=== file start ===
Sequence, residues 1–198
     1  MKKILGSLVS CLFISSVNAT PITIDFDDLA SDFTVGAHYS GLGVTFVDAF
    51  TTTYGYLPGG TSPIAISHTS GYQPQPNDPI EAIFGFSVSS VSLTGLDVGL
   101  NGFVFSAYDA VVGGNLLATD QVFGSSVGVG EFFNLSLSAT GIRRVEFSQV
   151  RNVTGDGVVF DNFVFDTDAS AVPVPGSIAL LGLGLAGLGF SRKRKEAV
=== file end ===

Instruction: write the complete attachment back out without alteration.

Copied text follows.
Sequence, residues 1–198
     1  MKKILGSLVS CLFISSVNAT PITIDFDDLA SDFTVGAHYS GLGVTFVDAF
    51  TTTYGYLPGG TSPIAISHTS GYQPQPNDPI EAIFGFSVSS VSLTGLDVGL
   101  NGFVFSAYDA VVGGNLLATD QVFGSSVGVG EFFNLSLSAT GIRRVEFSQV
   151  RNVTGDGVVF DNFVFDTDAS AVPVPGSIAL LGLGLAGLGF SRKRKEAV